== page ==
Academic journal article British Journal of Canadian Studies

'Le "Je/jeu" Intertextuel': Textual Interplay and Intertextual Identity in Roxanne Bouchard's Whisky et Paraboles

Academic journal article British Journal of Canadian Studies

'Le "Je/jeu" Intertextuel': Textual Interplay and Intertextual Identity in Roxanne Bouchard's Whisky et Paraboles

Article excerpt

je te salue, silence

je ne suis pas revenu pour revenir

je suis arrivé à ce qui commence

Gaston Miron (L'Homme rapaillé, 1994)

In his article entitled 'Se souvenir d'où l'on s'en va: l'Histoire et la mémoire comme reconnaissance et distance' (2000), the Québécois historian Jocelyn Létourneau discusses the question of the construction of collective memory of the Francophone Québécois and the troubled, ambiguous relationship they still maintain with their own past; he argues that the 'Franco-québécois' remain imprisoned within the oppositional space of the dialectic past-present that does not offer any political solution nor does it allow for a reconstruction of collective memory (pp. 277-300). The main question that needs to be asked, according to Létourneau, is not whether Francophone Québécois remember their past when they affirm 'Je me souviens', but rather what past do they remember? Envisaged from this perspective, it can be said that the role of the historian in reshaping the Québécois' collective memory and identity becomes a crucial one. However, if histor y scholars and those studying history have to accept ethical and professional responsibilit y for Quebec's active reshaping of history, what role should the writer assume, if any? What past, present and future should she/he be writing? This is an important question that preoccupies the young female writer, Roxanne Bouchard. In an interview conducted with the author, Bouchard (2010) explained that the Québécois are still suffering from a problem of 'double colonisation', a condition that according to her has contributed to their difficulty in fully owning their past and reclaiming their cultural identity. Indeed, when asked whether contemporar y Québécois literature can be defined as postcolonial, Bouchard (ibid.) affirms:

Je ne pense pas qu'on puisse parler vraiment d'une littérature qui soit "post-coloniale" au sens culturel et politique du terme. On souffre toujours au Québec d'une colonisation double: celle d'une "sur-culture française" et d'une "sous-culture" américaine (depuis le mouvement de "contre-culture").1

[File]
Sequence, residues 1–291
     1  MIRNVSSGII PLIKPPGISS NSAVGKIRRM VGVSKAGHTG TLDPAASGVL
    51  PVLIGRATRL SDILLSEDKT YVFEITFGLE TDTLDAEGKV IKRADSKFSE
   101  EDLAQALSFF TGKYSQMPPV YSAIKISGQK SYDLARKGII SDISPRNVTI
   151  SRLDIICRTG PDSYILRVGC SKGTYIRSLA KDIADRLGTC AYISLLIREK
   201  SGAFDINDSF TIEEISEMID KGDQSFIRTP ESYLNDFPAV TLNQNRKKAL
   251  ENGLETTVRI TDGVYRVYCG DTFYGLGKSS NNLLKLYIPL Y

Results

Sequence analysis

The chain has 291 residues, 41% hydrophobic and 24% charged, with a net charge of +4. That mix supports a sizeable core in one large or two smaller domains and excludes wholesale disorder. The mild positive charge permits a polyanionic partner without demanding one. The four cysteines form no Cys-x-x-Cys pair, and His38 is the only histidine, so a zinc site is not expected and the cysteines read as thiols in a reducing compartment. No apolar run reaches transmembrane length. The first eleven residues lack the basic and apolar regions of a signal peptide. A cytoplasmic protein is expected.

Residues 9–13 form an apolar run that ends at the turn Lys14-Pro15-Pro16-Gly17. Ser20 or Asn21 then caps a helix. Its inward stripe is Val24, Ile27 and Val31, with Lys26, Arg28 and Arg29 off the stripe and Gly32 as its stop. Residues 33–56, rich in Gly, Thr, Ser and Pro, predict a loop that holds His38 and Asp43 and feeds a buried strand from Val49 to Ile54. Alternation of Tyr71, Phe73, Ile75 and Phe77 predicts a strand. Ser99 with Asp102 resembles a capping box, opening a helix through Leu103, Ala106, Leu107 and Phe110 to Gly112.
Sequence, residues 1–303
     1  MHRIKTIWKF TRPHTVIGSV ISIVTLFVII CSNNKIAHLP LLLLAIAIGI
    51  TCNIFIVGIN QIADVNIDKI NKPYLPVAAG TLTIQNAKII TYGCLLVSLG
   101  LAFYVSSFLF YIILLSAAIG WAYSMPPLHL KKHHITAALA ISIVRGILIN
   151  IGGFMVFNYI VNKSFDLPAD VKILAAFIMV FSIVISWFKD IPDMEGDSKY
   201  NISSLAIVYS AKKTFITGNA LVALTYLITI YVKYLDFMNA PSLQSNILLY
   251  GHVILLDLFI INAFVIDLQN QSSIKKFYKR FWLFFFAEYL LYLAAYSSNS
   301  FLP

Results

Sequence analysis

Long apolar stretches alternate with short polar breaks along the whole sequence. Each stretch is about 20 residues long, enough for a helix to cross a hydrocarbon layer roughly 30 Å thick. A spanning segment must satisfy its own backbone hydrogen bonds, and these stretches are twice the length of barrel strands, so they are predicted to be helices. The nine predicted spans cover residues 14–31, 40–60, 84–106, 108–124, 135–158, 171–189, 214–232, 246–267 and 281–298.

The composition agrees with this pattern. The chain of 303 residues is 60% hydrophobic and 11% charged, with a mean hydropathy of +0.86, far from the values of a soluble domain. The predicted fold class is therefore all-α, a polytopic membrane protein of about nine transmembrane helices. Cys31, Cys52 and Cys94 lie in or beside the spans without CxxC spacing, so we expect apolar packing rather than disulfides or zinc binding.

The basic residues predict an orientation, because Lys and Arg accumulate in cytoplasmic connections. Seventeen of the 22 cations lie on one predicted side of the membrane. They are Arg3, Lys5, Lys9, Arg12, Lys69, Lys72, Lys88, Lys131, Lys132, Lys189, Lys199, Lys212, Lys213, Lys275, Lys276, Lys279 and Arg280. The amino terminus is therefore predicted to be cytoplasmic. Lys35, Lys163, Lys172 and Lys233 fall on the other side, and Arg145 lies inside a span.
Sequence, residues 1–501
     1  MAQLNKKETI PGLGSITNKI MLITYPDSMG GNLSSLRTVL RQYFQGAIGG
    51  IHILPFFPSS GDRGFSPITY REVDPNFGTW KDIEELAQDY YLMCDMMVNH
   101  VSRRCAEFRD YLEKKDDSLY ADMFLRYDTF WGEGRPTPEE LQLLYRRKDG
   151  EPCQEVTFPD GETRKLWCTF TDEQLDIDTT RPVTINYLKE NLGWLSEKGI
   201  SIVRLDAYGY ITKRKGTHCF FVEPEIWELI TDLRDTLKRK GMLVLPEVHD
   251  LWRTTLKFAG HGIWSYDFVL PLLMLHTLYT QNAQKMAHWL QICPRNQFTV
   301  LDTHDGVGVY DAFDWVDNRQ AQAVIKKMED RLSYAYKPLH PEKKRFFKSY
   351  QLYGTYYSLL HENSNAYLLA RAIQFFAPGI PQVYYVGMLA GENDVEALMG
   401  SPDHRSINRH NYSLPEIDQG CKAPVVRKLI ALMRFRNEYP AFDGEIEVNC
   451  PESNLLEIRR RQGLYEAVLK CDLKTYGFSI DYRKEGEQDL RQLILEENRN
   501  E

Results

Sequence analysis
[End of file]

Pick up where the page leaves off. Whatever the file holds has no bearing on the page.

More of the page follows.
Bouchard's reflections on the contemporary status of Québécois literature underline Létourneau's argument discussed above on the ambiguous relationship that Quebec maintains with its past, but also with its present. However, they also raise the more important question of the problematic use of the notion of postcoloniality when applied to Quebec or to Francophone Canada. Rosemar y Chapman, offering a postcolonial reading of Gabrielle Roy's work, speaks of a need to acknowledge the 'multilayered set of colonial relationships that forms the necessar y context for any discussion of the cultural products in Quebec' (2003: 46). The place of Québécois literature and histor y within postcolonial theor y has been discussed at length also by a number of Québécois specialists who have critically examined the validity of the thesis of Québécois literature's postcolonial status.2 A more in-depth analysis of this question is outside the scope of this paper. Nevertheless, it may be useful here to contextualise the conceptual difficulties researchers in the field encounter when trying to place francophone Canada within the paradigm of postcolonial studies. Indeed, a larger debate can be held about the complex relationship between Canadian literar y histor y and postcolonial theor y, as well as Canada's peripheral status in relation to both Europe and the Americas, as argued by Diana Brydon (1995) and Imre Szeman (2003). In the context of this article, I will argue that Bouchard's intertextual treatment of fictional, physical, and spiritual spaces on the paradigms of continuit y and rupture situate her text within a postcolonial discourse on rural space in Quebec, a discourse which is characterised by ambivalence. By applying a close reading combining intertextual and semiotic analysis of the text, I will show how Roxanne Bouchard uses intertextuality as a strategy which generates both identit y and space. …

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